Pain Of Salvation – Title ‘TBC’

Now this is a strange one. I adore the first handful of albums by Sweden’s Pain Of Salvation, so much so that I would refer to ‘The Perfect Element Pt.1’ and ‘Remedy Lane’ as progressive metal masterpieces. Since the release of these two records around the turn of the millennium however, things have taken a turn for the worse in my opinion. Ditching any pretence of metal in favour of a softer sound, the band has experimented in areas that don’t generally interest me. Upon the release of ‘Falling Home’ a couple of years ago, I declared that Pain Of Salvation were no longer of interest to me. I think I was a little premature though because however far they have strayed from the blueprint I like, it’s Pain Of Salvation and I will always be curious to hear new material. It’s more like curiosity as opposed to anticipation however.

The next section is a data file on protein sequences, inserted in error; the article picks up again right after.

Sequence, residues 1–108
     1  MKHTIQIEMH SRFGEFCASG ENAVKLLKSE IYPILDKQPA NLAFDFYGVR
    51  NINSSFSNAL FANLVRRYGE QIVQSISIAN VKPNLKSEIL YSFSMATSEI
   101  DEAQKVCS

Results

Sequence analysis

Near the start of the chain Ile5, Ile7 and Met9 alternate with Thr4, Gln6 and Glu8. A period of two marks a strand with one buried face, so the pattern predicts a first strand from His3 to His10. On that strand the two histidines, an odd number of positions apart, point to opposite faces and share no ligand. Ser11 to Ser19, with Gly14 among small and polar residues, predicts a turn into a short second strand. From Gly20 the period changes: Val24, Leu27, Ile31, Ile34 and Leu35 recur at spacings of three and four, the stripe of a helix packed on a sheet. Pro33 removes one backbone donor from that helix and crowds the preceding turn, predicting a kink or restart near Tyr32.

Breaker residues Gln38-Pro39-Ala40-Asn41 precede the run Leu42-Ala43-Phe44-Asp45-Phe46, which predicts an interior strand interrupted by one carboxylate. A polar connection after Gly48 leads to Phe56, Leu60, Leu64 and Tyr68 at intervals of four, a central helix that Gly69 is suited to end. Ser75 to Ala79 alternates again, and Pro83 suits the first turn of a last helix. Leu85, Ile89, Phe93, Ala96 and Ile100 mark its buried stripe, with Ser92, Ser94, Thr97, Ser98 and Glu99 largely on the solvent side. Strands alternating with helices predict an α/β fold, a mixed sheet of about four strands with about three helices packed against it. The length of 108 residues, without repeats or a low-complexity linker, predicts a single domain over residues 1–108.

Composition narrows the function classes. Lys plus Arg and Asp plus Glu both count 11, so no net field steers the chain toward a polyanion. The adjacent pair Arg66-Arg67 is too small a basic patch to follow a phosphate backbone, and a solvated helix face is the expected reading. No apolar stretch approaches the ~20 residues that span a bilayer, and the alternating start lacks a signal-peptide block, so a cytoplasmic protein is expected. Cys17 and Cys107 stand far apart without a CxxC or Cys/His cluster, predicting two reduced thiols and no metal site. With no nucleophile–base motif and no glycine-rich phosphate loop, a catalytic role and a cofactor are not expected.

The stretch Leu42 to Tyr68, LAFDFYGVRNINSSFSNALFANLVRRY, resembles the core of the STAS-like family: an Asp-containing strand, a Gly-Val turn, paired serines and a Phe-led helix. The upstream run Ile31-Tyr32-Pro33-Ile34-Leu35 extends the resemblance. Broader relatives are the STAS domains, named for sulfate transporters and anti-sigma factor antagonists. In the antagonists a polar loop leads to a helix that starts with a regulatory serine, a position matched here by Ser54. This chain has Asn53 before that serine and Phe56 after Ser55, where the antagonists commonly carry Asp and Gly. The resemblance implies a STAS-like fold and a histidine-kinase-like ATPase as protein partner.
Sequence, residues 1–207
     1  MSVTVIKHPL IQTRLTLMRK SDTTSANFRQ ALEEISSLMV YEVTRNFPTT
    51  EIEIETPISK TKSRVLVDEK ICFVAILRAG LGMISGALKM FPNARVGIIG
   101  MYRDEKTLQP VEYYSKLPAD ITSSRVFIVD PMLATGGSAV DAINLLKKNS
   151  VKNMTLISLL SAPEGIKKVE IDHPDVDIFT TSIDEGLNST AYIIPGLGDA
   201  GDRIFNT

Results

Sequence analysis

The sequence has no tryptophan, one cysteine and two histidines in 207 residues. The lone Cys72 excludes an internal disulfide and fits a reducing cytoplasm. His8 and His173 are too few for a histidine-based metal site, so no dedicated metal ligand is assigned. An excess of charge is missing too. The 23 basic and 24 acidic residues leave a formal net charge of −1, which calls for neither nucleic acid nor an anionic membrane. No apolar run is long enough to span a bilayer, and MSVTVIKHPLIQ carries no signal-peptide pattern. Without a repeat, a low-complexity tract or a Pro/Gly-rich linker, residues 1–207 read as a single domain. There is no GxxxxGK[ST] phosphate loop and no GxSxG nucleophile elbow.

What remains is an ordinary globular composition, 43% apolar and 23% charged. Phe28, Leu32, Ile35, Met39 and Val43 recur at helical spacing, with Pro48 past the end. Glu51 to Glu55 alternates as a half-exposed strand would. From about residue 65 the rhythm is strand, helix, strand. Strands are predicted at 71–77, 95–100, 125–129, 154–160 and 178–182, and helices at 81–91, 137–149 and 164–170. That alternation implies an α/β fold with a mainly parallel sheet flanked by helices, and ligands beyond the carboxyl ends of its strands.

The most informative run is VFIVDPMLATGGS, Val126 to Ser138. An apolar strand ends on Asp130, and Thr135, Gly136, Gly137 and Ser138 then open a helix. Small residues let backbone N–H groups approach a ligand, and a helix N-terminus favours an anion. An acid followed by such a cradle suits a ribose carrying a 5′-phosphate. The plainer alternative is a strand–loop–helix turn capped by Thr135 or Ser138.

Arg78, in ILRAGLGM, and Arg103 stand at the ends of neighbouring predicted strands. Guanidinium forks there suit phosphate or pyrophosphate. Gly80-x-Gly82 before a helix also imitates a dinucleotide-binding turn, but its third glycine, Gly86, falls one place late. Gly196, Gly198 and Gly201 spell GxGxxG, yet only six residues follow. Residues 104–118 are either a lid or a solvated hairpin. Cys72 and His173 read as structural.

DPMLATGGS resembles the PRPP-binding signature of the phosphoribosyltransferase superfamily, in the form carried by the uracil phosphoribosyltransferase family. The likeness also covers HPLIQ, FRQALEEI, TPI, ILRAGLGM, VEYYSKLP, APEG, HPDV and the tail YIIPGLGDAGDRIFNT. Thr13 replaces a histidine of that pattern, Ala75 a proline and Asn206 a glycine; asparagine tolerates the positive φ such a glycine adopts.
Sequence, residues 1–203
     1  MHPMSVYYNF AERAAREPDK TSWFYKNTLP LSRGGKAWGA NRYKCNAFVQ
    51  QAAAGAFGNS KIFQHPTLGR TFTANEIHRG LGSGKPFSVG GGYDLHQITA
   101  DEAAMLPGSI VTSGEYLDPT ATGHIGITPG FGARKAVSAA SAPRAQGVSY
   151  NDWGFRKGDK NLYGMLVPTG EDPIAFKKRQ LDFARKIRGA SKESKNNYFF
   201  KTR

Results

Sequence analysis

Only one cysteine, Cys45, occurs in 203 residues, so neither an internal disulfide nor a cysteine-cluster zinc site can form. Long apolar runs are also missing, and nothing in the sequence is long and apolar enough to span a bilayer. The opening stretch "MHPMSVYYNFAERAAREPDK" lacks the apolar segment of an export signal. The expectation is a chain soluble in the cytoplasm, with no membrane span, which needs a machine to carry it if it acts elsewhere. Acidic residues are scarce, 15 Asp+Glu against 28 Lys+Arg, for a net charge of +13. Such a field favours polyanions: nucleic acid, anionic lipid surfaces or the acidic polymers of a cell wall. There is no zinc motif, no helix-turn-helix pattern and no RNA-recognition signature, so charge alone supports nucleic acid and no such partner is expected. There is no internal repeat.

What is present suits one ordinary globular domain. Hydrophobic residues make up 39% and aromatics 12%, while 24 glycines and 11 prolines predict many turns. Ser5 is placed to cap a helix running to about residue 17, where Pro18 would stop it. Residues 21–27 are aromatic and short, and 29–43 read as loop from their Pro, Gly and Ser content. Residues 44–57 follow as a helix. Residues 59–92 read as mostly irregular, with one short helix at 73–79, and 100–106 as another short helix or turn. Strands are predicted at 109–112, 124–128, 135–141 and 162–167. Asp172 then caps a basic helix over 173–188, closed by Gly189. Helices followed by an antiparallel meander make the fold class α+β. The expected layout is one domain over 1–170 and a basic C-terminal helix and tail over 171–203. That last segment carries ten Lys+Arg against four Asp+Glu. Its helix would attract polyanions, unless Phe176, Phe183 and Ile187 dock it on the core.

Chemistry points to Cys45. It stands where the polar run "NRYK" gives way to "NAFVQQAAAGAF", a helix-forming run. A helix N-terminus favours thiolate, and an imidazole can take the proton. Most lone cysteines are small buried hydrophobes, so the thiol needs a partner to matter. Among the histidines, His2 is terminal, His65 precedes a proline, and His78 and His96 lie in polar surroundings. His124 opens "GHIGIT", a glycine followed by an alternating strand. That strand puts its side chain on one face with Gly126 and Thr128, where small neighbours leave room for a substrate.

Mercenary – Title ‘TBC’

All I have by way of confirmation of a new Mercenary album is a quote from their facebook site that says ‘good things are coming in 2016’. Coupled with the fact that we’ve had no new material from the Danish metal band for around three years, I’m putting everything together and hoping it means a new Mercenary album sometime this year. I certainly hope so because I love the blend of aggression, groove and melody that this melodeath band creates. It’s brutal yet catchy, not to mention frequently epic and anthemic. If this isn’t a winning combination, then I don’t know what is.